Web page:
“Is this the toxic lake dust?”
That’s a question many people in northern Utah are now asking themselves when the air turns brown with particulate pollution during windstorms.
The human health and environmental risks posed to our region by the drying up of the Great Salt Lake are well documented, and are now garnering national media attention. The iconic lake hit its lowest point on record last summer and the water is predicted to fall even further in the coming weeks and months.
Research carried out by University of Utah atmospheric scientist Dr. Kevin Perry shows that the dry playas and crust of the parched lakebed contain various concerning heavy metals, including arsenic, that have the capability of becoming airborne in particle sizes small enough to end up in people’s lungs.
“If you breath arsenic particles over a long period of time… it will increase the rate of lung cancer, potentially skin cancer, bladder cancer, cardiovascular disease and diabetes,” Dr. Perry told me on Wednesday.
As a result, there is an urgent need to get water to the lake, as quickly as possible, something Perry says state lawmakers are now taking seriously.
But, even as the potential health impacts from toxic dust raise alarms, another urgent tipping point is approaching for the Great Salt Lake, and fast.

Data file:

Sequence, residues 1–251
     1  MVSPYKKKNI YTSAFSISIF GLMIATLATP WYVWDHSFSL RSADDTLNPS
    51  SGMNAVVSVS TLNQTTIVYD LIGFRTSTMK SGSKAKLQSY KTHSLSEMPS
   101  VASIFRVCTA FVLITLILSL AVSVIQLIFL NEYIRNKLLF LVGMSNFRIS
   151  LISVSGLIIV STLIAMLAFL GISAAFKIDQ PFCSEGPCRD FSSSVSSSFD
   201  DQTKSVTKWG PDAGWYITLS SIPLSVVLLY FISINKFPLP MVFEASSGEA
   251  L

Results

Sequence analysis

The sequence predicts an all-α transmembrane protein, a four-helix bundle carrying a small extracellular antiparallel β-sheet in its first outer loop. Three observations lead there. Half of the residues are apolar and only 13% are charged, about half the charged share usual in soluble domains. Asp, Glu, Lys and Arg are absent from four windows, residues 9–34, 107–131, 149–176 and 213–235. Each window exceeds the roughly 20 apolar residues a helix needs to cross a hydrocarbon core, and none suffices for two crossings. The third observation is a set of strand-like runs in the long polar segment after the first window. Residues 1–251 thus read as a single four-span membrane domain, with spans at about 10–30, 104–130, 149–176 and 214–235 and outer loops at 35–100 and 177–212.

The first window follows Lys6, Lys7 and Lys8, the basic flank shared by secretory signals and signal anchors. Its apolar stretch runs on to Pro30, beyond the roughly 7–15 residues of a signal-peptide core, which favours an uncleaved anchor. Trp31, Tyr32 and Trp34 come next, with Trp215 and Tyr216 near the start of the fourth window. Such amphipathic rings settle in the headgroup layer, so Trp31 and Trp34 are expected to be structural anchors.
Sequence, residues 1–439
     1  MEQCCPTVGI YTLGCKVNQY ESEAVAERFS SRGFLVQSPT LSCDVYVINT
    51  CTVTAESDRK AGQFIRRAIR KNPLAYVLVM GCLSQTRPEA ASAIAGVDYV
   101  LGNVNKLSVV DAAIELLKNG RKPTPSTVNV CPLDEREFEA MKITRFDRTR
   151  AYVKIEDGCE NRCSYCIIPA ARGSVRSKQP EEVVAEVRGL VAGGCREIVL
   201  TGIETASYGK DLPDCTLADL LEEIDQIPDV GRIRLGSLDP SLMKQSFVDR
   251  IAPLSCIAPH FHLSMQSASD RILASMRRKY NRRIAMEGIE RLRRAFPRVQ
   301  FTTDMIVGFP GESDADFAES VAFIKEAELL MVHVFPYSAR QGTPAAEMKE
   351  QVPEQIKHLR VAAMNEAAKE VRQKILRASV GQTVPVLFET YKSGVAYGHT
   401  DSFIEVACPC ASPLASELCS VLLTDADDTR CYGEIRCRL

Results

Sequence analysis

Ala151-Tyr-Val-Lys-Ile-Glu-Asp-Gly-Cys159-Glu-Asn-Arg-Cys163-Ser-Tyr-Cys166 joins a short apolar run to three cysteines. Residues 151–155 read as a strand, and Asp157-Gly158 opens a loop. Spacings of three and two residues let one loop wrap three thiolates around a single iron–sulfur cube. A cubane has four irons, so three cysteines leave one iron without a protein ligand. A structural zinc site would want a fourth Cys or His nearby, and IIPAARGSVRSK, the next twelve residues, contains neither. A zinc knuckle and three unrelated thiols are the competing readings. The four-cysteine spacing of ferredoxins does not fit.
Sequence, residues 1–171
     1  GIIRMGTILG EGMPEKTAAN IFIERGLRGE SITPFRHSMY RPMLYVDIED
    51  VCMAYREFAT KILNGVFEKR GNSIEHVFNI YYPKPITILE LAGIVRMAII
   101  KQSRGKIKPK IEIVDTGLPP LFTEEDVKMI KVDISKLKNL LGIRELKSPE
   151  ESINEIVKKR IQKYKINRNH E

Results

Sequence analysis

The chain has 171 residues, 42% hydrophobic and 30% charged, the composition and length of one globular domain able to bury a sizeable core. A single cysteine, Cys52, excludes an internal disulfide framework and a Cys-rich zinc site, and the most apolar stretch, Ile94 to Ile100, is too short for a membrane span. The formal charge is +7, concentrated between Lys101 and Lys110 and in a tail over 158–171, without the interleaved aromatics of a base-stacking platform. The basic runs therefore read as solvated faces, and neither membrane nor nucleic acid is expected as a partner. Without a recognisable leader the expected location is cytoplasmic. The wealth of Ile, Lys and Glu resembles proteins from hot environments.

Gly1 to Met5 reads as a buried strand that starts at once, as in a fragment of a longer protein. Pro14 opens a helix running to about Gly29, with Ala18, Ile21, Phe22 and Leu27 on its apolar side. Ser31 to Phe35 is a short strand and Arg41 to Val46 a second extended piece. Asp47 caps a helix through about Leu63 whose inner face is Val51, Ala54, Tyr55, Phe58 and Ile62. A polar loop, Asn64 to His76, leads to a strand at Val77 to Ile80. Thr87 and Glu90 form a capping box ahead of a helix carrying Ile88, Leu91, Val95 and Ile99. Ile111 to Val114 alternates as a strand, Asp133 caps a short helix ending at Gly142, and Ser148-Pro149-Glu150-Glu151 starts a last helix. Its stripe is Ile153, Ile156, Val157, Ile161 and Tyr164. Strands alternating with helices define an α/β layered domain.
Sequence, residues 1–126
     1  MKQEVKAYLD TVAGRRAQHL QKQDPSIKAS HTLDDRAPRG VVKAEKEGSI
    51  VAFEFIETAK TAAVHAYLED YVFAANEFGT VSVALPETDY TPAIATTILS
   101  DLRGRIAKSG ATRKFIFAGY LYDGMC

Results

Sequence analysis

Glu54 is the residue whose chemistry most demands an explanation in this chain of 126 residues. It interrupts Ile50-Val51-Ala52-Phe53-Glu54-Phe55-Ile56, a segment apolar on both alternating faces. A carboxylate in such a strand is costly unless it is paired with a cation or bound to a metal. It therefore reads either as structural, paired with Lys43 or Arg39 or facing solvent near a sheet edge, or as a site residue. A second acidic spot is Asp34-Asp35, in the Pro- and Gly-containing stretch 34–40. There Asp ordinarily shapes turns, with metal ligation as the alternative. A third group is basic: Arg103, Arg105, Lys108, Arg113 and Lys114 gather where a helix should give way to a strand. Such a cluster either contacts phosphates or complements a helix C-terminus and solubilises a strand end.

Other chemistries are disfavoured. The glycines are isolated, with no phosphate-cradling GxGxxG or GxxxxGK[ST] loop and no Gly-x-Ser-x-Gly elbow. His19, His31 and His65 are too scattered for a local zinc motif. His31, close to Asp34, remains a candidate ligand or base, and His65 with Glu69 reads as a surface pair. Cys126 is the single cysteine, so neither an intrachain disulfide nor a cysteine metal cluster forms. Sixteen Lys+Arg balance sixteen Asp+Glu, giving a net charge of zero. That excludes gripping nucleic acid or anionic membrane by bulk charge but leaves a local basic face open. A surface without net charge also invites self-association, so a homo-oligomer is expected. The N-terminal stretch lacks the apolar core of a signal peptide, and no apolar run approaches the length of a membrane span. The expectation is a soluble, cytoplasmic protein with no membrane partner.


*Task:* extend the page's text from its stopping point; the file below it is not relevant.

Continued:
“As the lake dries up, the salt concentration (in the water) gets higher and higher,” Perry says. “We need to make sure we don’t hit the tipping point where the salt concentration is so high in the lake that brine shrimp and the brine flies that support the entire ecosystem, die off,” he added.
“And we’re not that far away from that tipping point.”
Today on “In the Hive,” a conversation with Dr. Kevin Perry about dust, drought, water diversion, and an impending ecosystem collapse at Great Salt Lake.
This episode is published through the Great Salt Lake Collaborative, a solutions journalism initiative that partners news, education and media organizations to help inform people about the plight of the Great Salt Lake — and what can be done to make a difference before it is too late. Read all of our stories at greatsaltlakenews.org.
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